I am not the only one to notice the symbiotic and highly profitable relationship between Big Food & Big Pharma, nor am I alone in diagnosing the tight grip they hold on chronic disease. I am a student of a small but growing few who have made it their lives’ work to advocate on behalf of real food. Al Gore pioneered the popular cry for diagnosing planetary disease, but it’s Michael Pollan, Nina Planck, Mark Bittman, Alice Waters , and a host of other outraged and out-financed foodies and chefs who are leading the charge toward addressing the diseased diets so many of us mistake for nutrition. Pollan is unapologetic when he writes in his Eater’s Manifesto, In Defense of Food: “All of our uncertainties about nutrition should not obscure the plain fact that the chronic diseases that now kill most of us can be traced directly to the industrialization of our food.”
So what’s a food maven to do? And why isn’t the US government on the list of culinary crusaders? Should the FDA be renamed the “Food Dopes of America?” The food faux pas of our most recent presidents tell our nation’s sorry story in an imitation nutshell. In my own lifetime, I’ve watched Bill Clinton frequent Mickey D’s, George H. W. Bush get down on some serious pork rinds, and though it pains me to admit, I’ve seen images, in Saveur of all places, of Barack Obama rewarding his campaign team with Dunkin’ Doughnuts. Let’s face facts: fast food is political gold. It’s an “everyman” diploma that wins the votes of its own victims. Voters identify with leaders who live, feel and even eat like they do. But shouldn’t we expect more from our country’s top dog?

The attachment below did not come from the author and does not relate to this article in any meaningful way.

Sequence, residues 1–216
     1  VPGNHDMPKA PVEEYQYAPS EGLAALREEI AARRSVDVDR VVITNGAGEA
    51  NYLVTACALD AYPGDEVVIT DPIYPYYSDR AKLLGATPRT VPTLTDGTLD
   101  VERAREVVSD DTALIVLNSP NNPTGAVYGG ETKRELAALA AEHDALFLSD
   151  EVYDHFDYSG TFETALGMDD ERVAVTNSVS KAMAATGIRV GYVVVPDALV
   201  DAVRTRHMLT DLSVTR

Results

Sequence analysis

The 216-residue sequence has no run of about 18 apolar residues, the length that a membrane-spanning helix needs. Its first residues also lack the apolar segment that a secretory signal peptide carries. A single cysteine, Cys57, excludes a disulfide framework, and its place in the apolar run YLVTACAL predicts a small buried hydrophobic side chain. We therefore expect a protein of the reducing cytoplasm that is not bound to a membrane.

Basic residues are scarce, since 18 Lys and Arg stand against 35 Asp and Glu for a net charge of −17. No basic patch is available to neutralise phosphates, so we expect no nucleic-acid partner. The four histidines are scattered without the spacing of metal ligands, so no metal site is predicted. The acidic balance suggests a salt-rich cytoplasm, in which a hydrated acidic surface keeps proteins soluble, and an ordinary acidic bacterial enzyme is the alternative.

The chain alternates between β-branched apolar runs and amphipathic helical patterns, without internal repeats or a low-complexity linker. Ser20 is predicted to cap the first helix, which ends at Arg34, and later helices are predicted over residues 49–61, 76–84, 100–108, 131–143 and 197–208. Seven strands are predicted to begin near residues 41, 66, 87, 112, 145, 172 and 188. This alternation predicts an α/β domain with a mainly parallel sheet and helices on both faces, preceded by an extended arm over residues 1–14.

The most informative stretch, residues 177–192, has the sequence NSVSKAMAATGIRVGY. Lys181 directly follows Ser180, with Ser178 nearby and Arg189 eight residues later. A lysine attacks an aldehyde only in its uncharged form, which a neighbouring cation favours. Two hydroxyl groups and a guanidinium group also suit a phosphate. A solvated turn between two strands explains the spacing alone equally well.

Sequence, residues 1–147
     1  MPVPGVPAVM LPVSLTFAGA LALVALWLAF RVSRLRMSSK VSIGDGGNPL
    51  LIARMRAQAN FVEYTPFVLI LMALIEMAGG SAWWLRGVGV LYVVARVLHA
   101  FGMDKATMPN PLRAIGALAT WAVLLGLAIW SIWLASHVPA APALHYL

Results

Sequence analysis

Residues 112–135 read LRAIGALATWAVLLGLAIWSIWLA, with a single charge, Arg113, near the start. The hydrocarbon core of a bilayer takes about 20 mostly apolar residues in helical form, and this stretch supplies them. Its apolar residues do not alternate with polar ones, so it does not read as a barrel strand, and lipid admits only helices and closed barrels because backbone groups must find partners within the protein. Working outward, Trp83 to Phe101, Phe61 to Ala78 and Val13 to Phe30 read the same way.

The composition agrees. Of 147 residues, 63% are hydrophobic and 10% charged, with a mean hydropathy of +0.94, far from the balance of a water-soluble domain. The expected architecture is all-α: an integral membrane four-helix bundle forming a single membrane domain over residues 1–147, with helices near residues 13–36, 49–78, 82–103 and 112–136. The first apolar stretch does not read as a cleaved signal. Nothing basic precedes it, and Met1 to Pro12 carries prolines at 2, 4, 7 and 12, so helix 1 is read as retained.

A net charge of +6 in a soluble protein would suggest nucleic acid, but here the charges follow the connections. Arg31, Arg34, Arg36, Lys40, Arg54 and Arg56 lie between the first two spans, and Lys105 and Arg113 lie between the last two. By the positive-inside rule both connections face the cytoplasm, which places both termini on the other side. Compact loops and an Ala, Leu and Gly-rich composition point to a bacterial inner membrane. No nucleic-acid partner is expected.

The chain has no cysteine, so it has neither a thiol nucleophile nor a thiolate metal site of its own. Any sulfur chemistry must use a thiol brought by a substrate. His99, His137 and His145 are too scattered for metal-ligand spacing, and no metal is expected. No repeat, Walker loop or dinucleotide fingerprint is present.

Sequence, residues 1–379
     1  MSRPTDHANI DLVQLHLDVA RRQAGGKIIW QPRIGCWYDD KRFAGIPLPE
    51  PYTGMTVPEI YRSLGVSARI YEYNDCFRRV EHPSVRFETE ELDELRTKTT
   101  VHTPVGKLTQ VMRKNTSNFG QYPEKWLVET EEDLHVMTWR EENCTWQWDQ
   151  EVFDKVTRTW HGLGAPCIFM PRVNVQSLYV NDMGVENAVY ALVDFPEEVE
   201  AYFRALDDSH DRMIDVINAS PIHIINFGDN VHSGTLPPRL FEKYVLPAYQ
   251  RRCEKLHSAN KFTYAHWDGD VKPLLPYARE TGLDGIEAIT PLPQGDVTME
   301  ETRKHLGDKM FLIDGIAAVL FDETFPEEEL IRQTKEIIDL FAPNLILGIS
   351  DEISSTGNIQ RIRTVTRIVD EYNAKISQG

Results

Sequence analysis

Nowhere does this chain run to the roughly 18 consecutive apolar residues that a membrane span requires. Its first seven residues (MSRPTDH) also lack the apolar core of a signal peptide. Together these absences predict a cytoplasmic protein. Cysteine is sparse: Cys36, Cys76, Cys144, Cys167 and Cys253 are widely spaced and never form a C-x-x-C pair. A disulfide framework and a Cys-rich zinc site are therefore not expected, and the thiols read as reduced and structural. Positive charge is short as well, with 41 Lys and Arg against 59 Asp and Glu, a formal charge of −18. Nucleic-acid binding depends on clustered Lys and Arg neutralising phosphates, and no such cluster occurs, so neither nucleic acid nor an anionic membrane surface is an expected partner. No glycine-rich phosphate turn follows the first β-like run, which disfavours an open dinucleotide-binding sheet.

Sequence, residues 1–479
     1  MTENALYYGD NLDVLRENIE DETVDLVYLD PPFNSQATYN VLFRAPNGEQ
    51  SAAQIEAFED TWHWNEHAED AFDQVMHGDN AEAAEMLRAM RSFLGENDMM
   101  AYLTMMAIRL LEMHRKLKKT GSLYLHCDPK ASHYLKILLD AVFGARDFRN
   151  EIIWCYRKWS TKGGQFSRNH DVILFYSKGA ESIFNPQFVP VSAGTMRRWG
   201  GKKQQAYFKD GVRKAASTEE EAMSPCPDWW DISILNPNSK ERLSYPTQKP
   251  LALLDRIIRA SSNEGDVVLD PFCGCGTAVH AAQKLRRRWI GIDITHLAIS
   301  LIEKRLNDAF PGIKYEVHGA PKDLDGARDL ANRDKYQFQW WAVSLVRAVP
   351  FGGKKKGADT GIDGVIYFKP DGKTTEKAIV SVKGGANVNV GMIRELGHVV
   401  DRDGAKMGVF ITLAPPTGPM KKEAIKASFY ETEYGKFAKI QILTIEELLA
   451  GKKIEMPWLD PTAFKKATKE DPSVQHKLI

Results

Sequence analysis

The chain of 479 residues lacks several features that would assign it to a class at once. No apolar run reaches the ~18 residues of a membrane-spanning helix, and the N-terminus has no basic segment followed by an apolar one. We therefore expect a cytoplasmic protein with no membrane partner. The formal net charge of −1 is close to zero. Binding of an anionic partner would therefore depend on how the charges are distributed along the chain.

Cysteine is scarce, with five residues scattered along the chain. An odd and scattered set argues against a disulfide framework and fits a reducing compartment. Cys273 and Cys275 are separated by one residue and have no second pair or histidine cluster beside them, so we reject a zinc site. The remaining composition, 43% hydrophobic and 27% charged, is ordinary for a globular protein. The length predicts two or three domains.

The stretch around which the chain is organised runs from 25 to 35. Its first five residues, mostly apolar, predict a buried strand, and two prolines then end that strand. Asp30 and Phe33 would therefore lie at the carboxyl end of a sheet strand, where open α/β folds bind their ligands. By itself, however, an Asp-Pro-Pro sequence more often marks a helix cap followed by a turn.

President Obama certainly has a lot on his plate, so to speak, but our nation’s nutrition is no small potatoes . This is especially true for the strained middle class and impoverished populations who don’t have the money or lifestyles to support inconvenient, expensive diets, even if they have the markets in their neighborhoods carrying whole foods, which of course, they all too often do not. The inequity in nutrition in this country is shameful and only threatens to deepen as recession woes cut into family budgets and kitchen cabinets. My biggest fear is that tough economic times will give way to a backlash toward the green movement and force an even greater dependence on fast food.